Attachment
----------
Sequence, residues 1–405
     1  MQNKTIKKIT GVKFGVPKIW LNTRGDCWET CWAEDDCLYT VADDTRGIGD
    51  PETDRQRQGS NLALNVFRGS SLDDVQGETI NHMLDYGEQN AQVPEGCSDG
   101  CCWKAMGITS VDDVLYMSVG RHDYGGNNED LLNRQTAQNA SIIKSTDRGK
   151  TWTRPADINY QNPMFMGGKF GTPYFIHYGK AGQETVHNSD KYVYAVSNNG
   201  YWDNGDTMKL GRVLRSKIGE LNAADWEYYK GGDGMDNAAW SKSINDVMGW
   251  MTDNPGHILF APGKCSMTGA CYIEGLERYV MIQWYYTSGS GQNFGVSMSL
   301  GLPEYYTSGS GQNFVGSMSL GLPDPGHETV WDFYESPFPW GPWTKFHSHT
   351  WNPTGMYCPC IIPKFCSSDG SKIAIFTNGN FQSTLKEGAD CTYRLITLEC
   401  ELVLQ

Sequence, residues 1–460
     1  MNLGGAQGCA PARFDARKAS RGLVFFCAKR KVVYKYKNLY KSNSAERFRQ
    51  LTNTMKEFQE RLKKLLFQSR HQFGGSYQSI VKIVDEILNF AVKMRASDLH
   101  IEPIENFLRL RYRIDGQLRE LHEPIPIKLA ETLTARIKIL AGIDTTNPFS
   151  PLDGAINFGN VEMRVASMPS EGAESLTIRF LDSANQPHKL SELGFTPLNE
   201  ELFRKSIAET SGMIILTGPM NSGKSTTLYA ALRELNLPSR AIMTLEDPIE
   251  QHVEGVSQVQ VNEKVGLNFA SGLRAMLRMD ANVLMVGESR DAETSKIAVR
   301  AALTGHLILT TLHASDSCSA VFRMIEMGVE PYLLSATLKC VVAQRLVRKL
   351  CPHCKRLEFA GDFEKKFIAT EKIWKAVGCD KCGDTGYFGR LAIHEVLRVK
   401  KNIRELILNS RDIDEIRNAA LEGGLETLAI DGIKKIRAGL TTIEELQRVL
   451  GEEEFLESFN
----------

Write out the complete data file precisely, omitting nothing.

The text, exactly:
Sequence, residues 1–405
     1  MQNKTIKKIT GVKFGVPKIW LNTRGDCWET CWAEDDCLYT VADDTRGIGD
    51  PETDRQRQGS NLALNVFRGS SLDDVQGETI NHMLDYGEQN AQVPEGCSDG
   101  CCWKAMGITS VDDVLYMSVG RHDYGGNNED LLNRQTAQNA SIIKSTDRGK
   151  TWTRPADINY QNPMFMGGKF GTPYFIHYGK AGQETVHNSD KYVYAVSNNG
   201  YWDNGDTMKL GRVLRSKIGE LNAADWEYYK GGDGMDNAAW SKSINDVMGW
   251  MTDNPGHILF APGKCSMTGA CYIEGLERYV MIQWYYTSGS GQNFGVSMSL
   301  GLPEYYTSGS GQNFVGSMSL GLPDPGHETV WDFYESPFPW GPWTKFHSHT
   351  WNPTGMYCPC IIPKFCSSDG SKIAIFTNGN FQSTLKEGAD CTYRLITLEC
   401  ELVLQ

Sequence, residues 1–460
     1  MNLGGAQGCA PARFDARKAS RGLVFFCAKR KVVYKYKNLY KSNSAERFRQ
    51  LTNTMKEFQE RLKKLLFQSR HQFGGSYQSI VKIVDEILNF AVKMRASDLH
   101  IEPIENFLRL RYRIDGQLRE LHEPIPIKLA ETLTARIKIL AGIDTTNPFS
   151  PLDGAINFGN VEMRVASMPS EGAESLTIRF LDSANQPHKL SELGFTPLNE
   201  ELFRKSIAET SGMIILTGPM NSGKSTTLYA ALRELNLPSR AIMTLEDPIE
   251  QHVEGVSQVQ VNEKVGLNFA SGLRAMLRMD ANVLMVGESR DAETSKIAVR
   301  AALTGHLILT TLHASDSCSA VFRMIEMGVE PYLLSATLKC VVAQRLVRKL
   351  CPHCKRLEFA GDFEKKFIAT EKIWKAVGCD KCGDTGYFGR LAIHEVLRVK
   401  KNIRELILNS RDIDEIRNAA LEGGLETLAI DGIKKIRAGL TTIEELQRVL
   451  GEEEFLESFN